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Retail Clinic Idea Reaches Europe

by Scott MacStravic

In a story appearing Mar 3, it was reported that an idea that is roughly thirty years old in the US has reached Europe, at least to the extent that the UK is recognized as part of Europe despite its maintaining its own currency. This idea is that of the kind of retail medical clinic called “urgent” or “convenience” care when it began in the 1970s here. I remember when one of my students at the University of Washington initiated the first one in the Seattle area after graduation, and later sold out to a large firm for a handsome profit.

The kind of clinic that recently opened in the Manchester, England area, in a Sainsbury supermarket is unlike the ones that have opened in drugstores, supermarkets and superstores such as Wal-Mart here. It is staffed by physicians, and is strictly an “after-hours” option, open only on Tuesday and Thursday evenings 6:30 to 9:30 PM, and Saturday 11:00 AM to 3:00 PM. Here, they are usually staffed by nurse practitioners rather than physicians, and are open during the day as well as after hours. [J. Werdigier “Combining Grocery Shopping with Doctors’ Appointments” New York Times, Mar 3, 2008]

It works by appointment, and will serve only patients who are already registered with local general practitioners, otherwise could not be paid by the National Health Service. It will function as a “covering” service for these GPs, as well as a convenience for those who have trouble getting away for an appointment during working hours. It is called “Doctors in Store”, and was created by Dr. Mohammed Jiva, after finding that his patients were often requesting evening appointments.

Like patients in superstores in the US, patients at Sainsbury’s will get pagers so they can shop rather than wait for the physician if running late, and can get their prescriptions filled in the store immediately after their visit. The location also makes it safer for physicians than if they had to lock up their own offices at night in what are sometimes rough neighborhoods. And it will certainly be convenient for patients as well. [J. Reid “Shoppers to Be Seen In-Store by GPs” Sky News, Mar 3, 2008]

The story in Sky News noted that this is not the first clinic where GPs make their services available in a store, since there are already two examples in Boots drug store chain stores, but these are only open during normal office hours. And a reader commenting to the story reported that there is already an after-hours example in Dublin, though Ireland is no longer part of the UK, of course. The need to be pre-registered with a local GP and the in-store clinic, and to make appointments, as well as the fact that they are staffed by GPs rather than NPs, makes their operation quite different from the US examples, though the idea of adding an option for convenience reasons is the same.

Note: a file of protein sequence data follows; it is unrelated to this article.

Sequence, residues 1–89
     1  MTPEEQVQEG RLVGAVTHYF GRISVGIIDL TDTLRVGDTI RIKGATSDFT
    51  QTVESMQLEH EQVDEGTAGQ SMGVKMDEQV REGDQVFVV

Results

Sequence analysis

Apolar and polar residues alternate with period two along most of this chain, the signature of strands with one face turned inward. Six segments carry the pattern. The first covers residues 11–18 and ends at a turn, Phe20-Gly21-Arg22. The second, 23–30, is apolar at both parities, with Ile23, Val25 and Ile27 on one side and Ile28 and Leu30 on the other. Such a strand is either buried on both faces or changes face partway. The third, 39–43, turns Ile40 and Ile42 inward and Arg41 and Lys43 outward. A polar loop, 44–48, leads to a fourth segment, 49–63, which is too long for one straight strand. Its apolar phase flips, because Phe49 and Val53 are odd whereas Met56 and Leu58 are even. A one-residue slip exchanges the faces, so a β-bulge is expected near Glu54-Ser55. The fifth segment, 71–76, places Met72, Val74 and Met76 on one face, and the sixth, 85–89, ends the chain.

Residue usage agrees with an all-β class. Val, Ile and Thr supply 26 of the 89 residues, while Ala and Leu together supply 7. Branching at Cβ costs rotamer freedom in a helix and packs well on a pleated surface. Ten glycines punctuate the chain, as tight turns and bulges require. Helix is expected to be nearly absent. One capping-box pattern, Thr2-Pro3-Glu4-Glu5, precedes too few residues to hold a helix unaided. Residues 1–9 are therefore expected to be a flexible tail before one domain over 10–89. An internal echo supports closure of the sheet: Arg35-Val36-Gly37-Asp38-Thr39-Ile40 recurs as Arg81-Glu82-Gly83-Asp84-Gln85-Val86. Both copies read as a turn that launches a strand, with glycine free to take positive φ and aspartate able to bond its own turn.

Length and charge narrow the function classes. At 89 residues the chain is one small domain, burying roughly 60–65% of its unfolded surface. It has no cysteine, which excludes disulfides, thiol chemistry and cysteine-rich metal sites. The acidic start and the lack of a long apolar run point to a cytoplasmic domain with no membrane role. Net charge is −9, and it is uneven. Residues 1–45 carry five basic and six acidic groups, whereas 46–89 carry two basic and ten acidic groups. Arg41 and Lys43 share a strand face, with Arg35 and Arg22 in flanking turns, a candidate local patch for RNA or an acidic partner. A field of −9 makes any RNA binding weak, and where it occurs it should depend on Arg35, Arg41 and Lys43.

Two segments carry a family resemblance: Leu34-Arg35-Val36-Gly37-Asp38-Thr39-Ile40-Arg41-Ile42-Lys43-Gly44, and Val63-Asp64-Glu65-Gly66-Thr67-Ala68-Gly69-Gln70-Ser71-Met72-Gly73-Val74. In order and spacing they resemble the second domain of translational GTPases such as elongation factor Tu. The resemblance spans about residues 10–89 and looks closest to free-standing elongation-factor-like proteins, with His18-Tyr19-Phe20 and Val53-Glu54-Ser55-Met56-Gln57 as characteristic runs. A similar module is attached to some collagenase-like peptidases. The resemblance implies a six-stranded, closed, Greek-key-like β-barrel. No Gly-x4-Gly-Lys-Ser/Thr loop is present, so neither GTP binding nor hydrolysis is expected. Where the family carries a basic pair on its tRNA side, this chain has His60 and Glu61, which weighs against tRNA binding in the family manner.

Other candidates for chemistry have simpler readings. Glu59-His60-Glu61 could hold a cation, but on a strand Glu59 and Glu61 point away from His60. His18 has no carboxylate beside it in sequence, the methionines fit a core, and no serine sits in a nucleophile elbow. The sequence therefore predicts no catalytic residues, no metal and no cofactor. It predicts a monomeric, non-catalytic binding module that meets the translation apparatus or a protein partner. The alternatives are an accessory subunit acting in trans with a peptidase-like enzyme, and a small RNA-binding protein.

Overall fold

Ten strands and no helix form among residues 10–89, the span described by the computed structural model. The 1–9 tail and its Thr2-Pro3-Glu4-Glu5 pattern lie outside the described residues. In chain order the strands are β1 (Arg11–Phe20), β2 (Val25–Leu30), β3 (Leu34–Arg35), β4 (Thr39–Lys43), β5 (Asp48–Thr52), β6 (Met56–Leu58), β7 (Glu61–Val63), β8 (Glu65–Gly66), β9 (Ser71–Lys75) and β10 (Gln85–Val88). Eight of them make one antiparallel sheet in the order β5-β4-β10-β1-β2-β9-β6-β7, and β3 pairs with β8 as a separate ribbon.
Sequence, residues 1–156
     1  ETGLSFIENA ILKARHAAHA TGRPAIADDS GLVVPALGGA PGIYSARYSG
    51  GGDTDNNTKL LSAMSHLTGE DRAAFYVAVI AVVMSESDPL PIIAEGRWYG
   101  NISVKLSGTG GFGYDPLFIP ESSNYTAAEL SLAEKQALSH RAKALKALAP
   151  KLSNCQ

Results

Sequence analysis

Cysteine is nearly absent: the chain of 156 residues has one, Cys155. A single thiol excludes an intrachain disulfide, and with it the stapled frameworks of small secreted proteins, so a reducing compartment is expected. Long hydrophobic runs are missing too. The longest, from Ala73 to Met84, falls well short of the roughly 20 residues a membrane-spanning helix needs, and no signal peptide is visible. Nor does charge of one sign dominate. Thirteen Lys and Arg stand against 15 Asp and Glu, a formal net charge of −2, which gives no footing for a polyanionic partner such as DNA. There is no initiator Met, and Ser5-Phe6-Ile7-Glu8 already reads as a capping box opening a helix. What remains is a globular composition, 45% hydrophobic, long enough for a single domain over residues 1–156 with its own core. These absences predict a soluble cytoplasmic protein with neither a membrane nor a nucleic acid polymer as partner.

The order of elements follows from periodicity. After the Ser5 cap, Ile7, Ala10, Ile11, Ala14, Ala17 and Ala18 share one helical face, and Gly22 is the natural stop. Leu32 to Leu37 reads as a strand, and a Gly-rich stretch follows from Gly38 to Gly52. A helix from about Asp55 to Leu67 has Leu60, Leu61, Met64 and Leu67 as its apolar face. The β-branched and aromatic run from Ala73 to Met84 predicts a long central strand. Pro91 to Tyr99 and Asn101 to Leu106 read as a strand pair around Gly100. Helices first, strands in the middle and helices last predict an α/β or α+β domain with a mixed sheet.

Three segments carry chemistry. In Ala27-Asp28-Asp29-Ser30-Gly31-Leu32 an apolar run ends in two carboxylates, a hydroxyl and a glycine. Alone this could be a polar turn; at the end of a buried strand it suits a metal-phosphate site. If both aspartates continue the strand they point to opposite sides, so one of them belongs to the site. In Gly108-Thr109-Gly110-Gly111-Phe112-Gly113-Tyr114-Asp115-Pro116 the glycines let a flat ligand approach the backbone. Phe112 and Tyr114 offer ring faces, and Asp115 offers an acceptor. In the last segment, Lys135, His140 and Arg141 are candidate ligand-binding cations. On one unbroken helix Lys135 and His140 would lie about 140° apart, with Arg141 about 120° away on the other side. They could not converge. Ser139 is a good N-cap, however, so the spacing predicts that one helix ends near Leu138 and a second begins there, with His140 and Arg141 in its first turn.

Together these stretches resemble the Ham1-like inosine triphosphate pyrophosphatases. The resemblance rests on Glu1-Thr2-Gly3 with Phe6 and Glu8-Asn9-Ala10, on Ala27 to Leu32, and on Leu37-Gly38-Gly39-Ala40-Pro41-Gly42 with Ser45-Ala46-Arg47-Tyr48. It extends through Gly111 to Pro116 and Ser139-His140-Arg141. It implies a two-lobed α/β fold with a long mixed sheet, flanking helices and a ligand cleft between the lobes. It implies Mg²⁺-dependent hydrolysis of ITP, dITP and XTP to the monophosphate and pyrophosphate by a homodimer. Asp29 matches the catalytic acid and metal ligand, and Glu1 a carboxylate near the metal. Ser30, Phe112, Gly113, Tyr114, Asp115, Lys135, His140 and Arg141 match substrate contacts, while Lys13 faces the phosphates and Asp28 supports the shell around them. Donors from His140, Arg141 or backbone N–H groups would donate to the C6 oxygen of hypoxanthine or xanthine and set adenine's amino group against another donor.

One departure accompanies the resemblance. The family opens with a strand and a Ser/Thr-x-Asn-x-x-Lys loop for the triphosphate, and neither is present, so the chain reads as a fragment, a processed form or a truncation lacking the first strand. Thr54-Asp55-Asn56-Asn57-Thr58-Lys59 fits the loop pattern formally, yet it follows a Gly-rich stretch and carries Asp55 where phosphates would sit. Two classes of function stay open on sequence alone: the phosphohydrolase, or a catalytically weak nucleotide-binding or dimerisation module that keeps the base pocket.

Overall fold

Another reader commented that if the GP in Sainsbury’s recommends a healthier diet to any patients, they will have to skip right by the many unhealthy food and drink options filling the shelves in the store, from sugary drinks to pork pies to alcohol. Though a similar challenge faces all patients served in supermarkets and superstores in the US, it is not nearly as big a challenge as the general one facing the shopper population at large. Judging by the growing rates of obesity in both the UK and the US, it has been a challenge not won by healthy over “comfort food”.

If the first example in Manchester proves successful, it is expected to be repeated in other Sainsbury stores later this year. And if the US example is a good predictor, it might also be repeated in other supermarket chains such as Tesco, which has an ever larger share of the market than does Sainsbury’s. These clinics normally provide classic symbiotic benefits to their host stores, by driving added general traffic shoppers, as well as promoting use of their pharmacy in particular.

In an effort to improve the overall availability and convenience of GPs, the British NHS had already opened a few walk-in centers in railroad stations around London, though these have been weakly promoted, and suffer from lack of continuity of care and patient records with such “drop-in” patients’ GPs. A proposal to extend the hours of GPs, generally, has been rejected by the British Medical Association, making the after-hours model that much more competitive in the UK.

While this development is thirty years late, compared to the US, it does suggest that British patients have similar kinds of concerns over the inconveniences of traditional medicine. The retail clinics in the UK are thoroughly within the realm of traditional physician practices, with added convenience of place and time, and it should be interesting to watch what happens there.


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